(2) The control for some of the entertainment available in your seat is in the armrest. You can pop open the armrest and take it out. But if you don’t want to take the control out of the armrest, the controls are also accessible through a large hole in the armrest itself.

Monitor control removed from armrest; note large hole in armrest

Controller in the armrest, looking down into the hole
This large hole renders the armrest uncomfortable at best and useless at worst as a feature upon which to rest one’s arms. I tried to snooze a bit and the discomfort of that ditch in the middle of the armrest positively prevented it. This is not a small thing and detracted materially from the comfort of the flight.

So – not an A+, but a solid A to A- for Virgin America. If you don’t mind feeling like a punch line. Or if you have no interest in resting your arms.

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Friday, February 11, 2011

The World Is on the Brink, but What I Really Want to Talk About Is Mini-Moo's

I'm an optimistic guy. I have always thought things would go my way. I think that way about the world, too. Yes, we're going through a period of smallish world leaders pretty much across the board and evil philosophies held by evil men, but I'm thinking that in the mid-run things will be OK if people of goodwill apply their good brains to matters of public importance and let their voices be heard.

But some stuff is definitely getting worse.

Thing is, they are things that should be getting better.

I've already written about the appalling deterioration of AOL Mail with each successive version, which has caused that trailblazing service to plummet into almost complete uselessness.

But what has come closest of all to destroying my faith in the entire Universe is . . . Mini-Moo's.

But even before I tell you how this product has sent me into a descending spiral of Weltschmerz, we must deal with its name, which, as you can see, is a singular possessive: "Mini-Moo's." It designates something that belongs to Mini-Moo -- or is it "a" Mini-Moo? This in itself does not make it a bad name for a product. (Think "McDonald's.") But it leaves us with the issue of how to comfortably refer to the singular and plural of this product. I've researched this.  Some people would form the plural "Mini-Moo'ses," some would say "Mini-Moos," and some would treat the word as an invariant, like "sheep," with the plural the same as the singular. I vote for that one. But it would be better if the manufacturer had just called the product "Mini-Moo." But between you and me, "Mini Moo's" will be treated as both singular and plural. If, heaven forbid, I have to use it as a possessive, I will form it: "Mini-Moos'."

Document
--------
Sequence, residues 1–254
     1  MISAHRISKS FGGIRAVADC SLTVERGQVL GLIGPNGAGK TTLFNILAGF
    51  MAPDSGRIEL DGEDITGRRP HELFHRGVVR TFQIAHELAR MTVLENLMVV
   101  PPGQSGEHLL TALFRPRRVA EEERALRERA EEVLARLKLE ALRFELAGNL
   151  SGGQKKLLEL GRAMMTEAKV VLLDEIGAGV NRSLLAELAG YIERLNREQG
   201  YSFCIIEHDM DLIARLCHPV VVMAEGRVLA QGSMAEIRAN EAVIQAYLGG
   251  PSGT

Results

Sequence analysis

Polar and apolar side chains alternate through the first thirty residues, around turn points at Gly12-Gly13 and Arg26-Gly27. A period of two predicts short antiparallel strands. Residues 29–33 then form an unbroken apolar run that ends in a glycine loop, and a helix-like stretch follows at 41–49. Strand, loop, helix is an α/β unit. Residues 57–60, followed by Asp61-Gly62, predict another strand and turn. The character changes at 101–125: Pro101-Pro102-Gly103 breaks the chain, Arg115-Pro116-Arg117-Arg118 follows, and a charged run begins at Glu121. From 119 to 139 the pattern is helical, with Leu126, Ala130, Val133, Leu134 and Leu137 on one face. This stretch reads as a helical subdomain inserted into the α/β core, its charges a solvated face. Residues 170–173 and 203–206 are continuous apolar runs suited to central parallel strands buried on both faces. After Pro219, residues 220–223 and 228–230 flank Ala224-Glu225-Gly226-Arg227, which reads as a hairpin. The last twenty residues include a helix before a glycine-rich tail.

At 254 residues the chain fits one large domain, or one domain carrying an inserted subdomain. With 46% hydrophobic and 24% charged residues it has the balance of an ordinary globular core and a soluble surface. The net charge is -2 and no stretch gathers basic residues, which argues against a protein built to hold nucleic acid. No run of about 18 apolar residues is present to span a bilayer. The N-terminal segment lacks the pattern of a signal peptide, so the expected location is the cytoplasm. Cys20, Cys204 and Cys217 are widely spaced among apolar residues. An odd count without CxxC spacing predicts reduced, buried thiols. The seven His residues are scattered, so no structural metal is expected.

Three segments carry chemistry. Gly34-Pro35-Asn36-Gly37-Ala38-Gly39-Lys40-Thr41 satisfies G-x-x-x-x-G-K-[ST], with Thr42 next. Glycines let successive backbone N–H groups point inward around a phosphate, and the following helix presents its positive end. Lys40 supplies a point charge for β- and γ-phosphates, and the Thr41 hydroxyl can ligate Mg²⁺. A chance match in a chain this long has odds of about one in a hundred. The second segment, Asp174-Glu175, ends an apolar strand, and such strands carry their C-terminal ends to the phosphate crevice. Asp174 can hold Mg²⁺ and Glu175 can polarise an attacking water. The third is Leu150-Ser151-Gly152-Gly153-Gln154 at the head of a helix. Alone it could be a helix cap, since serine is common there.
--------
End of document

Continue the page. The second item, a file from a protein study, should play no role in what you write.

And there's another problem for the careful writer:  Sometimes it has a hyphen, sometimes it doesn't -- see the photos below.   And its manufacturer, Land O Lakes?  Sometimes it appears as "Land O' Lakes," with the apostrophe indicating that it's a contraction of "of," and sometimes without.  Sheesh.

Mini-Moo's are little containers of half-and-half for use in coffee and other drinks.  They are little corrugated plastic cups covered with foil that is sealed around the rim of the cup.  As noted, they are made by the good people at Land O Lakes, who put that rather fetching Native American princess on all of their products.  Don't ask me why they don't have to be refrigerated.  (I know why, just don't ask me.)  You have seen them in 7-11's and other places where you can grab a quick cup of coffee (my own workplace favors the Mini-Moo's):

Perfectly fine product.  Excellent product, in fact.   Its major competitor, the famous Coffee-mate, is OK, I guess, but it's not half-and-half -- it's "non-dairy."

Now I know most of you have used one of these products or something like it.   When the item is produced, the manufacturer leaves the adhesive off a fair portion of the foil that covers that little tab.  You tease at it,  the foil on the end of the tab lifts a little, you seize the newly-liberated foil tab and pull toward the cup.  The foil top easily peels off and you can then pour that fine concoction into your drink.   The image on a box of these items portrays -- rather more dramatically than it happens in reality -- a successful peel-back and pour: